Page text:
Remember that A represents the current “degree of conformity” of the organism to its “particular situation.” This degree of conformity might be changed either by changing the organism or its environment – the implication fo the last confusing sentence from the first paragraph, above.

The point O is not an objective location (as it would be if we assumed it is the optimum within the current environment). Instead, it is a geometric abstraction that exists only in so far as it bears a relation to A in the present multidimensional space of “adaptation”. We may change the distance from A to O either by changing the organism or by changing its environment. Fisher refers explicitly to this “assemblage of slightly different situations” with respect to both – and again, the concept of “slightly different” underlies the assumption that the fitness function within the sphere is continuous.

It seems to me that the idea of “niche construction” falls very easily within Fisher’s model. An organism that systematically alters its environment may thereby change its level of adaptation. So even though mutation is an obvious candidate for a process described by the model, I’ve continued to refer to “change” as a nonspecific term for the unit of adaptation.

The representation in three dimensions is evidently inadequate; for even a single organ, in cases in which we know enough to appreciate the relation between structure and function, as is, broadly speaking the case with the eye in vertebrates, often shows this conformity in many more than three respects. It is of interest therefore, that if in our geometrical problem the number of dimensions be increased, the form of the relationship between the magnitude of the change r. and the probability of improvement, tends to a limit which is represented in Fig. 3. The primary facts of the three dimensional problem are conserved in that the chance of improvement, for very small displacements tends to the limiting value 1/2, while it falls off rapidly for increasing displacements, attaining exceedingly small values, however, when the number of dimesnions is large, even while r is still small compared to d.

Here we see the problem of universal pleiotropy emerging. As the number of dimensions of adaptability increases, the probability that one change will be a net increase in fitness, considering all dimensions, must decrease. This probability remains larger when the distance between A and O is larger, but declines as the number of dimensions increases.

However, what we would call “universal pleiotropy” is intrinsic to Fisher’s assumption that the direction of changes in this multidimensional space is random. If changes may occur in any direction, this is the same as asserting that a mutation may induce correlated changes between any set of phenotypes. With thousands of genes, and therefore thousands of dimensions of genetic “adaptedness”, we might guess that the dimensionality is high enough to make this assumption useful.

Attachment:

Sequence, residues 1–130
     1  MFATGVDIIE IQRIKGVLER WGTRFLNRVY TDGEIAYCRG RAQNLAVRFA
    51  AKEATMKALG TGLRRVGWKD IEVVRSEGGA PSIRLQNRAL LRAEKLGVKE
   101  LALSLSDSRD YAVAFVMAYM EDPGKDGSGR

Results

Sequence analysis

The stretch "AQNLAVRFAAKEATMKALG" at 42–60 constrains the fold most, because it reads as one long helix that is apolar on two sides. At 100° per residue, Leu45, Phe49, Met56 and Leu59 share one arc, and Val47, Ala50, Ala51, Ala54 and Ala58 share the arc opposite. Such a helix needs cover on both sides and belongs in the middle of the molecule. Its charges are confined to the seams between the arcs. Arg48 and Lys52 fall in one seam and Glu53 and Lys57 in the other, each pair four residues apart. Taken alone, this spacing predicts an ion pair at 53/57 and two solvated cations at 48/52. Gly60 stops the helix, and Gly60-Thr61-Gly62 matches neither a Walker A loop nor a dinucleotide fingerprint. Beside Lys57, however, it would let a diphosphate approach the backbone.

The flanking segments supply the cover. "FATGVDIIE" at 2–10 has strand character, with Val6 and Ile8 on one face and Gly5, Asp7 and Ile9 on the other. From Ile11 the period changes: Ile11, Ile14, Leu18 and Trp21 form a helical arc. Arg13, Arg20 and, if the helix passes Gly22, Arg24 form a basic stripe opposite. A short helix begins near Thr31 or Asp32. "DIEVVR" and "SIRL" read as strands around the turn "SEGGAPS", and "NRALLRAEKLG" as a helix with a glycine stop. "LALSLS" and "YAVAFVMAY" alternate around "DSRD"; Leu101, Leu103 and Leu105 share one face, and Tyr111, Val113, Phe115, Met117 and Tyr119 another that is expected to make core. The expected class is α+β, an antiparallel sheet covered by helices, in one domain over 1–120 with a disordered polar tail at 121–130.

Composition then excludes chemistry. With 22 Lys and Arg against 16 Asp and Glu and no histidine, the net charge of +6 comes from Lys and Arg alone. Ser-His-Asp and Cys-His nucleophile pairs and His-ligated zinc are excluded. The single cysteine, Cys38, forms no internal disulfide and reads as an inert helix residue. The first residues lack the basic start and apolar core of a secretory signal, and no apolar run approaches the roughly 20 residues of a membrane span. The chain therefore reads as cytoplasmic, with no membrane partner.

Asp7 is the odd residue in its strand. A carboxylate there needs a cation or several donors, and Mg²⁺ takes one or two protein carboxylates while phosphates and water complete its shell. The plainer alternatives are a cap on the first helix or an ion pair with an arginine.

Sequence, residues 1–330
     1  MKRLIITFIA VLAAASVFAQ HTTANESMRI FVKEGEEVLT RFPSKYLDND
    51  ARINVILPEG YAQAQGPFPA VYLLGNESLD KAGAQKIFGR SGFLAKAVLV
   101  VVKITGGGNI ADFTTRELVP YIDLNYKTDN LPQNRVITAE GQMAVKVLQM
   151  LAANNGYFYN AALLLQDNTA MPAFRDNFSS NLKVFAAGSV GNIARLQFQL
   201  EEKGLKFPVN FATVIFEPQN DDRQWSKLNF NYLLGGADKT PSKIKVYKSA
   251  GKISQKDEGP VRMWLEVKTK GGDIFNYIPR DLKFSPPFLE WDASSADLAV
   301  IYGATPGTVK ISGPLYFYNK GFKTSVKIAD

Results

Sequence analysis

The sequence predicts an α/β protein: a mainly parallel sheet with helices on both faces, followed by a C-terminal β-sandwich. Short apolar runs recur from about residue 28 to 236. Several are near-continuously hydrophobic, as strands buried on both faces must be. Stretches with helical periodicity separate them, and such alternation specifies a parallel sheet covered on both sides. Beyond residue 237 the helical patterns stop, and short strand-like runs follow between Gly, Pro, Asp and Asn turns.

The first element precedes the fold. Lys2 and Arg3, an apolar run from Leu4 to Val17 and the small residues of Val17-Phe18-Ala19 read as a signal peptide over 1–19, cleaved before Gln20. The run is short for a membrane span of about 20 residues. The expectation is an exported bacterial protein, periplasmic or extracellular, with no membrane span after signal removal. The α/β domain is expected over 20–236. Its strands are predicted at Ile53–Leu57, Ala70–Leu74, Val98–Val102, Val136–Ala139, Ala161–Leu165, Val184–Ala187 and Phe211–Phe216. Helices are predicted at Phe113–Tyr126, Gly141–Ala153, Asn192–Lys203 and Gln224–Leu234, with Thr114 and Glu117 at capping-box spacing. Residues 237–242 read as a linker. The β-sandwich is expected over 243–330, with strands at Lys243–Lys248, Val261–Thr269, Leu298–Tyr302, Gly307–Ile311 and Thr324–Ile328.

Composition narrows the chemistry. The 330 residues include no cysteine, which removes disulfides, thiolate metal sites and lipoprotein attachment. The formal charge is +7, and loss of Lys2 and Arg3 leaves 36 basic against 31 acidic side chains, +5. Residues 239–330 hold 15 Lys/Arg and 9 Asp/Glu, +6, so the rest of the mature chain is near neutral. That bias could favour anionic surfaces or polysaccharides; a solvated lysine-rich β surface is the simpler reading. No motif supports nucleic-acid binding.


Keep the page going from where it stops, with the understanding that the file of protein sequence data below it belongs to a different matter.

If on the other hand, the direction of changes is constrained in some way, then the dimensionality of the space accordingly is smaller by some degree. This is the rough equivalent of modularity in Fisher’s model: if we say that some genetic correlations cannot be changed, we are saying that the phenotypic structure of the organism is modularized.

The remainder of the section discusses the general case in spaces with higher than three dimensions. The basic point is that the probability that a change of a given size will be adaptive increases with the distance from A to O, decreases with the effect size r, and also decreases with the number of dimensions.

Fisher finishes with a paragraph that, had he begun the section with it, might have made everything much clearer:

The conformity of these statistical requirements with common experience will be perceived by comparison with the mechanical adaptation of an instrument, such as the microscope, when adjusted for distinct vision. If we imagine a derangement of the system by moving a little each of the lenses, either longitudinally or transversely, or by twisting through an angle, by altering the refractive index and transparency of the different components, or the curvature, or the polish of the interfaces, it is sufficiently obvious that any large derangement will have a very small probability of improving the adjustment, while in the case of alterations much less than the smallest of those intentionally effected by the maker or the operator, the chance of improvement should be almost exactly half.

But there is an obvious objection: if you twist a knob on a microscope, it may move one of the lenses, but it isn’t going to polish it. It’s not possible to effect simultaneous changes on distinct elements of the microscope, because a microscope is in fact modular in its construction and controls. That doesn’t disprove Fisher’s model, but at least in the microscope case, the possible changes are not random in direction, but are constrained to “Cartesian”-like independent axes.

Fisher’s general idea is different from the fitness landscape, in the sense used by Sewall Wright. Fisher assumes a single adaptive optimum; Wright espoused the possibility of a “rugged” landscape in which large genetic changes might diverge from the nearest local optimum yet place the population near an alternate (possibly higher) local optimum. But the geometric model shares many properties with the fitness landscape, including its assumptions about hill-climbing toward the local optimum.

I pointed to Sergey Gavrilets work a couple of weeks ago. Fisher’s geometric model is most similar to the second meaning of fitness landscape, which pertains to the mean fitness of a population given a discrete genotype – or in this case, a discrete phenotype-environment combination. Fisher’s model is entirely about the relationship of two equilibria: the population mean fitness before and after a given change. It does not deal with the dynamics of the transition from one state to another.


Fisher RA. 1930. The Genetical Theory of Natural Selection. Clarendon Press, Oxford.